Milkman attended some of these meetings and for Schneider, they were also his first impressions. “For instance, my first time attending an immigration hearing was with Occupy activists,” he said.
Latinos and Latinas championed different causes, says Rodríguez: the right to human dignity; elimination of corporate investment in the prison system; labor rights; women’s rights; rights for undocumented immigrants such as regularization; rights for indigenous peoples inside and outsisde the U.S.; access to housing.
Rodríguez believes the contribution of the Latino and immigrant community was critical in energizing the movement, broadening their demands, and giving it an inclusive perspective that connected with the reality of millions of people.
“For example, the participation of workers from restaurants, warehouses, laundromats, supermarkets, and other industries helped many of the activists understand what those workers go through on a daily basis,” says Rodriguez, and Schneider agrees. “What I remember at first was most connected with labor rights, and then over time, as the Occupy vision expanded, it became easier to understand immigrant rights more broadly within it.”
OWS attracted immigrants, said Benson-Silva, because it was a space where the problems brought by globalization on multiple levels were at the center of the table, with talks on issues such as the implementation of the NAFTA agreement, the concentration of financial capital in the world and the erosion of democratic participation.
Milkman, however, believes that “immigrant rights was on the list of issues animating Occupy activists—but not a top priority.” Schneider agrees to a certain extent. “I think it [the immigration issue] wasn’t a top priority at first, but that thankfully changed. Those who fought to keep Occupy alive in 2012, in particular, came to deeply associate their struggle with the struggles of immigrants, and many of them were immigrants themselves.”
Rodríguez y Muñoz also believe that as more activists and people from the Latino and immigrant community became involved, the stronger the connection and demands for their rights became within the multiple groups, who at that time established a clear call for an amnesty for immigrants within Occupy.
The first iteration of OWS, which attracted thousands of people, came to an end on Nov. 15 when the New York Police Department evicted the Zuccotti Park residents’ encampments. In 2012 Occupy activists came out again to support an immigrant-led labor campaign led by the Laundry Workers Center. “By the end of that year , and [to a greater extent] by 2012, we could see the influence of that community,” Rodriguez says, referring to Latinos and immigrants.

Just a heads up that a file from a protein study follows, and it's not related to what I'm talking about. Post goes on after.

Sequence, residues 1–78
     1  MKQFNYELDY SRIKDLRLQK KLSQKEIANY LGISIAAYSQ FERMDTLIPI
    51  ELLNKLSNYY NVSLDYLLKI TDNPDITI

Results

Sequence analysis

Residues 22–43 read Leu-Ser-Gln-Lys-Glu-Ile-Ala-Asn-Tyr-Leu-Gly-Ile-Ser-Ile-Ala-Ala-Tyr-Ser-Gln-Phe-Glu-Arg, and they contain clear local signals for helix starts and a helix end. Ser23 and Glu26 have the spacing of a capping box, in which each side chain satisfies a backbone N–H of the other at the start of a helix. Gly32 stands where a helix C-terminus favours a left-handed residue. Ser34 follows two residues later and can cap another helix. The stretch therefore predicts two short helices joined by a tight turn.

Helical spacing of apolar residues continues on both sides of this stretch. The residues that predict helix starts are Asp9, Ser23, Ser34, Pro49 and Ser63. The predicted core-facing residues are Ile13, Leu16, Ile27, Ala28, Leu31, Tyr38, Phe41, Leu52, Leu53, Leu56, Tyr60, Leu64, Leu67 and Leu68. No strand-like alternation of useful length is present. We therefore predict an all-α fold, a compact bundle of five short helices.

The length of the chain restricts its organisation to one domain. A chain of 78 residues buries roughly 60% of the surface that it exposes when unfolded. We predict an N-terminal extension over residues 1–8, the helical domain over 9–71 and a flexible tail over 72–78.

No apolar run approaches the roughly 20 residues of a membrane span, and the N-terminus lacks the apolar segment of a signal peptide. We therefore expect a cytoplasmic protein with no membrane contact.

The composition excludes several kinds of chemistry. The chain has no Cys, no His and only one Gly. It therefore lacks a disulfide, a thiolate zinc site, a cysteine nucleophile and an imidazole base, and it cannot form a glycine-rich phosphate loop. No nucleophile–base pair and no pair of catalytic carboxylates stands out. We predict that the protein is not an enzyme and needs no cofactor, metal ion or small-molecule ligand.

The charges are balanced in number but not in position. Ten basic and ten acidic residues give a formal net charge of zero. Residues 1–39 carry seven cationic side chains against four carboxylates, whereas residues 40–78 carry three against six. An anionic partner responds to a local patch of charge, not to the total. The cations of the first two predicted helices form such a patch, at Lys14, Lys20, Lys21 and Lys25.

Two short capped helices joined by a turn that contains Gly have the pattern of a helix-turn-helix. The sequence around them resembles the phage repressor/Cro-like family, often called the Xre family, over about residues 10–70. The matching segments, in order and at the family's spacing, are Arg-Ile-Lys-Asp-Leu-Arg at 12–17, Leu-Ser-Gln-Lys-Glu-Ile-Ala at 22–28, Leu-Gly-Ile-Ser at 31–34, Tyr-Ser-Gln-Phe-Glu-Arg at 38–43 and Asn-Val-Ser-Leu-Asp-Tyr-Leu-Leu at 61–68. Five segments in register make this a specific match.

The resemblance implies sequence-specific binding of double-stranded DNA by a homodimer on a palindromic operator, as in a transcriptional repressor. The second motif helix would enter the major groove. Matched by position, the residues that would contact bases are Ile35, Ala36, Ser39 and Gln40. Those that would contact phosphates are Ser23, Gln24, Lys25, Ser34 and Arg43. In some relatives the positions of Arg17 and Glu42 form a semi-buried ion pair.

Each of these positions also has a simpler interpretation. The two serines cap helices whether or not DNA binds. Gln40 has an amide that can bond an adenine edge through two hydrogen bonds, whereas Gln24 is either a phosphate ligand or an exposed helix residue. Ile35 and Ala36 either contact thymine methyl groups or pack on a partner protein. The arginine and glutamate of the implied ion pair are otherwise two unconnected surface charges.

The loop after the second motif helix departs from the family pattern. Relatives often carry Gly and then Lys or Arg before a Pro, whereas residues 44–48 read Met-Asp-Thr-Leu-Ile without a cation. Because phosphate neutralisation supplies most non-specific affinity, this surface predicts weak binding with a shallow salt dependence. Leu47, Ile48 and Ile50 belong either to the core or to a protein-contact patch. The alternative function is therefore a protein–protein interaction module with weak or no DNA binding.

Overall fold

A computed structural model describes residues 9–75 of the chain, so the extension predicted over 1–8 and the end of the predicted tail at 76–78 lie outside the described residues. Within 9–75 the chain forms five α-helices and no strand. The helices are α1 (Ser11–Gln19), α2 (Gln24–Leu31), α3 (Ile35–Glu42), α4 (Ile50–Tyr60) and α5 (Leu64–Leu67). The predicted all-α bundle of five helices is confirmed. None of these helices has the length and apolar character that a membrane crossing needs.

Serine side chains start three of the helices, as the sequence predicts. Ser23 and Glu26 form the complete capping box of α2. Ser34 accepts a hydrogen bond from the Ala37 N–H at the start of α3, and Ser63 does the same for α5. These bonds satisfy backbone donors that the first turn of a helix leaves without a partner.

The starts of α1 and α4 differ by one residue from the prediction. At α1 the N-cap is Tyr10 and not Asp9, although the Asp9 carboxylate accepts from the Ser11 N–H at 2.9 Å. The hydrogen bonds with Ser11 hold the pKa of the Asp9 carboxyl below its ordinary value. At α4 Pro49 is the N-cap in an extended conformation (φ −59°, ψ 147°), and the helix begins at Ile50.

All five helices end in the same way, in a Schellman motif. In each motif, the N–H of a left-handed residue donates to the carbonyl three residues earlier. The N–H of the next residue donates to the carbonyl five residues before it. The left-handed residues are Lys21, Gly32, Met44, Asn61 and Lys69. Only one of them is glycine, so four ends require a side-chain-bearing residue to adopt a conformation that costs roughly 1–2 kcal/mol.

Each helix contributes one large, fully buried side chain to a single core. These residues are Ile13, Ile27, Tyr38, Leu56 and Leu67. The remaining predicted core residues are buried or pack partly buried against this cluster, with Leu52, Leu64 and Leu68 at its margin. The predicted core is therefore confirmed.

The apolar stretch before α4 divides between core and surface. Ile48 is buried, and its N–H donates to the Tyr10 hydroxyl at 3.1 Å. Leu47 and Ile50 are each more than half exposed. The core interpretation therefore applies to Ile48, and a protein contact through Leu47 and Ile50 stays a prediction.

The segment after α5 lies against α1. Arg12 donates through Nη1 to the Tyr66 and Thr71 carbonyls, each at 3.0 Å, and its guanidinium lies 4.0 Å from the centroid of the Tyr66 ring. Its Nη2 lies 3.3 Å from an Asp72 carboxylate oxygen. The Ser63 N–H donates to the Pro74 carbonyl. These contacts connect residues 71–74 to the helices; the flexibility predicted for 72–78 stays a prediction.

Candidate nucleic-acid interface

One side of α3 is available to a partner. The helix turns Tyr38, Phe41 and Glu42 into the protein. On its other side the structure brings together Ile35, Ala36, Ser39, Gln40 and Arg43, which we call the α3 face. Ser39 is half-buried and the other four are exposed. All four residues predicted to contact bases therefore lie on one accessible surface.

On May 1, 2012, for example, Occupy supporters, labor unions and immigrant rights groups called thousands of supporters to a large congregation in Manhattan’s Union Square and a march to Wall Street.
Moreover, for those who occupied Wall Street, there was a relationship, “a kind of symbiosis” Muñoz called it, between Occupy and other demands that were brewing at the same time in the nation in terms of immigration issues.
“An added impact that had repercussions, in the local ID for undocumented people push; the Dreamers decision and the court-sanctioned DAPA [Deferred Action for Parents of Americans and Lawful Permanent Residents] decision. The movement gave vigor or energy to an immigrant struggle movement that had been going on for many years and we saw that with concrete policies such as the ones mentioned,” said Rodríguez.
Milkman has studied the role of the Millennial generation, the political strategies and organizational forms of Occupy and Dreamer participants, but not the influence one may have had on the other. Among those who camped near Wall Street, however, there is a clear influence.
In retrospect, OWS mutated later and continued to generate new initiatives and other occupy actions in various parts of the city such as Occupy Sandy, Occupy Faith, Occupy Universities and Occupy Sunset Park, which supported a rent strike by a group of mostly immigrant tenants.
For Schneider, Occupy is best understood as global solidarity rather than just a local movement.
“People from Europe, Asia, the Middle East, and Latin America were present at those early meetings, connecting their efforts to movements around the world.”
Ultimately, he said, “many people who might have entered with a white/U.S. citizen frame came to recognize that there is no economic justice without immigrant justice.”